Friday, August 28, 2009
The Rehoboth Art League, of which I'm a member, holds themed member shows throughout the year in which I love to participate. There's nothing like a theme to trigger the imagination and there's nothing like a deadline to produce motivation. The theme for September's exhibit is "Farmers Market."
I love the Farmers Market in Lewes which is held every Saturday morning in the summer on the lovely shaded grounds of the Lewes Historical Society. One of my favorite stands is that of the local lavender farm. It is that farm which has inspired my entry, "Lavender Fields." After seeing their booth at the market, I took a trip to the farm. It's like a little bit of southern France transplanted to rural Delaware.
So many people have asked me about the process of my collages, so I took some pix while I was working on this one.
I was tempted to stop after Step 1. I loved the colorful abstract shapes and felt I could do something featuring them. I have a mantra that I have to repeat to myself over and over as I'm working, "Don't fall in love with the underpainting. Don't fall in love with the underpainting."
The base is just to establish a background color and to create bits of interest that peak through the various layers in the final image.
In Step 2, I added bits of various tissue papers to subdue the background so it wouldn't fight with my subject matter.Step 3 is a final cover of Ogura lace paper to subdue the background even more and to unify the whole piece.When all was said and done and I had finished the piece, I wasn't happy with the lack of contrast between the sun and the rest of the sky. I pondered over what I could use to add color back into the sun without changing the colors of the lavender that overlapped the sun. I came up with good ol' Crayola Crayons! I used the colors "Macaroni & Cheese" and "Melon" to get that golden glow back.
I have one more Farmers Market piece that I'm working on and hopefully will have that finished before the show entry deadline.
Monday, August 24, 2009
This image is a detail from my collage entitled Blue Crabs, which sold last year. You can now find it on T-shirts, tote bags, coffee mugs, notecards and more. You can see them by clicking on shop crabulous! in the sidebar.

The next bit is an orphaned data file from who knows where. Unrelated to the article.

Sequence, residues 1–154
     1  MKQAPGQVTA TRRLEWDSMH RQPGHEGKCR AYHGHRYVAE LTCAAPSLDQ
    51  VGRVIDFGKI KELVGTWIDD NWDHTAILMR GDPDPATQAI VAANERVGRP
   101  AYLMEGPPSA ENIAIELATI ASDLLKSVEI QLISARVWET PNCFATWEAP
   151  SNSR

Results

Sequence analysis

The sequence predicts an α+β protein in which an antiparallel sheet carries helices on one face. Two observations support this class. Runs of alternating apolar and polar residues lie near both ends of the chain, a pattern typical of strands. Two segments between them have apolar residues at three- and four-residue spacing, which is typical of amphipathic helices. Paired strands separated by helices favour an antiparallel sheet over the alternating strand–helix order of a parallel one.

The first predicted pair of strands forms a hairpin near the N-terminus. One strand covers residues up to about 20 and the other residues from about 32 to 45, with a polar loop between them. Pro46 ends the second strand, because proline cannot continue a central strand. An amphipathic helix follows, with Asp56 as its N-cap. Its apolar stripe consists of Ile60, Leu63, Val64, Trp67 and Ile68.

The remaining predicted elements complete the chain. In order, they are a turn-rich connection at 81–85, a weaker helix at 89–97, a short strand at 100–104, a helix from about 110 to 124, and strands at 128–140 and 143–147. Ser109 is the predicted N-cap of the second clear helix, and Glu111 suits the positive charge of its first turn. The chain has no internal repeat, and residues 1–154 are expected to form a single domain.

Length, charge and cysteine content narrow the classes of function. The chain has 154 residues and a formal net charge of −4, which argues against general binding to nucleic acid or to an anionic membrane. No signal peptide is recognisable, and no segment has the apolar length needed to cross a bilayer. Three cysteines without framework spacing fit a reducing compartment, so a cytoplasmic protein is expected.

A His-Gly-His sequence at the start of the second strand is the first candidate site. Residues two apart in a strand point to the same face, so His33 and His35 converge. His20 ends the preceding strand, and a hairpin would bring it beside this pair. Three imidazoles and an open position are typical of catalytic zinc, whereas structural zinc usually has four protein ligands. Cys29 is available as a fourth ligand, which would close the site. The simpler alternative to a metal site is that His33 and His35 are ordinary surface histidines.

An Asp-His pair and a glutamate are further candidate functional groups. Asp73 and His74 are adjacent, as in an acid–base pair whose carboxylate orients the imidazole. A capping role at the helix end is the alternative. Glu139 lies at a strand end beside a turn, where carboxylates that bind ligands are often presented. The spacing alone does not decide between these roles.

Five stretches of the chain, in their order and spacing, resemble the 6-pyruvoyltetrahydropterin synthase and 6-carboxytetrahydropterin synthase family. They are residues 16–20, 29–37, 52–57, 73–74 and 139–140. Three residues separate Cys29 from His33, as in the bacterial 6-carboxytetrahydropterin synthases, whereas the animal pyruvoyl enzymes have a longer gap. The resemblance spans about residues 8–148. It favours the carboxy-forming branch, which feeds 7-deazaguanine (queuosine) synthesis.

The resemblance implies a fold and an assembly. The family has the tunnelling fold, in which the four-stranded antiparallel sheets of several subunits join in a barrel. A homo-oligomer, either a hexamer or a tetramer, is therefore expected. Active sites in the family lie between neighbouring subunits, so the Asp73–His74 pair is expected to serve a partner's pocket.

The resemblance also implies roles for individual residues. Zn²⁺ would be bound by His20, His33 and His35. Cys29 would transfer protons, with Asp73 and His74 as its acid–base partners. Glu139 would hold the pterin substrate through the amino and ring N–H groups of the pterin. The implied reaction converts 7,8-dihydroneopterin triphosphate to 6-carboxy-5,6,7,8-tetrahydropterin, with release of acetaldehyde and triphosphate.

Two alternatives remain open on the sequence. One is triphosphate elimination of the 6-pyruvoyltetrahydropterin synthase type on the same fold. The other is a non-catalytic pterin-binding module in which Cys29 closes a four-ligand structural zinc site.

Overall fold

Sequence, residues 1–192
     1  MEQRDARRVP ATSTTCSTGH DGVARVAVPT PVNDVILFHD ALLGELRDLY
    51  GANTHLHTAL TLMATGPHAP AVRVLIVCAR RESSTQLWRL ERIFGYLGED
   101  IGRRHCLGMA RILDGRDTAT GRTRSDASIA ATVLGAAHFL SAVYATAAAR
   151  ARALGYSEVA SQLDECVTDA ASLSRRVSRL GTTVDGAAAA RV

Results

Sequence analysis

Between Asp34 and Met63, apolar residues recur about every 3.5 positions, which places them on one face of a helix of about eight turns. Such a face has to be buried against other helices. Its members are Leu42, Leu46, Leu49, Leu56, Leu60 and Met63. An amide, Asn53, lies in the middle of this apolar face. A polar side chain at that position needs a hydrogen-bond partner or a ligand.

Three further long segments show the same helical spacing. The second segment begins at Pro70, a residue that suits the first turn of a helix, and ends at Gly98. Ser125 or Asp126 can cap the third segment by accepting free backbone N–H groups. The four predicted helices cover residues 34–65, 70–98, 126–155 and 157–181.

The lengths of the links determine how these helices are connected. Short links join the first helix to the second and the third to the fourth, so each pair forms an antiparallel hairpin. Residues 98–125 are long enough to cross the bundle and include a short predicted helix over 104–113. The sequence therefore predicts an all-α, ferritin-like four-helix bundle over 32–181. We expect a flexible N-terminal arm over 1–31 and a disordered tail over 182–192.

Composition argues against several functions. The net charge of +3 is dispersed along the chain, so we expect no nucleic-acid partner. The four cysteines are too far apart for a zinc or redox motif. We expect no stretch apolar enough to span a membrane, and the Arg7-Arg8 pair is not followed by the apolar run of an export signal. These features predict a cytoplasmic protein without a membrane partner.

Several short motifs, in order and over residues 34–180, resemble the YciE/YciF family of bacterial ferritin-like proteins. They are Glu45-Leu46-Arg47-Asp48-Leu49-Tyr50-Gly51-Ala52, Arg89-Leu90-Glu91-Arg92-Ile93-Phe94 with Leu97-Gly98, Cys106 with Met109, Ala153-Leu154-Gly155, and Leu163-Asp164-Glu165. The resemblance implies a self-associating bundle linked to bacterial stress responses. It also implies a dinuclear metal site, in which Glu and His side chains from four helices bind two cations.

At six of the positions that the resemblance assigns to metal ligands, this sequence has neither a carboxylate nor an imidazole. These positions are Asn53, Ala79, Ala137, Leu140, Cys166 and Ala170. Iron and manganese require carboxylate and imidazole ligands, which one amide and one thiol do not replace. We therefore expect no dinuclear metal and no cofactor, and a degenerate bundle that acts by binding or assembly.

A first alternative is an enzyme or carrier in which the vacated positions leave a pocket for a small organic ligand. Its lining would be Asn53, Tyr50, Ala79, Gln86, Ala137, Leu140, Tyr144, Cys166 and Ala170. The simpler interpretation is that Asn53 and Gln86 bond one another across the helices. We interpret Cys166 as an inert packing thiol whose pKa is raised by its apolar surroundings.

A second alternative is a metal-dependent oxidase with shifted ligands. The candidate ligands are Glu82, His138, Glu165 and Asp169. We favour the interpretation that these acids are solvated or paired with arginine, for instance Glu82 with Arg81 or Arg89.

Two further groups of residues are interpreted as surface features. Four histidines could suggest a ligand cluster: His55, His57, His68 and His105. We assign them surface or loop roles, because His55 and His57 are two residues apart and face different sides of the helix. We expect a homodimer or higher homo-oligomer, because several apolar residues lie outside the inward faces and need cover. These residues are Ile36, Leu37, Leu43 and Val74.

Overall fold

Saturday, August 22, 2009
Who coined that pithy little platitude, anyway? I searched online to see if I could discover its author. I discovered that the words "live at the beach" are often interchanged with other phrases, but I was unable to discover the originator of this phrase. At any rate, it sums up the way I feel about my life right now. I live at the beach, therefore I'm lucky enough! In some ways I feel as though I've spent my whole life trying to get here. I think I was 8 the first time I saw the ocean, and even though I've been water phobic from birth, I was enthralled with the sea and have been ever since.
A few years ago, we were able to make the beach our second home and live here part time and just this past November it became our full time residence and I feel I've finally come home.
The sea has been an inspiration to four new works which I've recently completed. I call them my "Sea Samples." They are small, 4"x4", on museum profile canvases. They can either be hung on a wall or set on shelves or table tops. I think they look like chunky little "core samples" of the ocean.
I wish I could honestly say that the shells and sea creatures used in these pieces were found by me on the beach, but I can't. The shore here is pretty hard and it's rare to find shells that haven't been broken in the surf. One day, though, I was "lucky enough" to find two beautiful star fish; whole and intact. That was indeed a rare find on our beaches here. Every once in awhile I find great specimens of sea glass, but that's rare as well. But the perfect little items you see here were purchased either in a craft store or online. The "netting" by the way, is cheesecloth. Cheesecloth is a great material which no mixed media artist should be without.
On a different subject, I want to thank all of you who have recently emailed me and congratulated me on the creation of this site. Some of you have been asking how to go about creating a blog. I highly recommend the new book by Tara Frey, "Blogging for Bliss", which is listed in the side bar here. It's a great "how to" on creating a blog. The book is concisely written, well organized and beautifully illustrated. And it's geared to "creative" types who want to share their creations and a bit of their lives with others.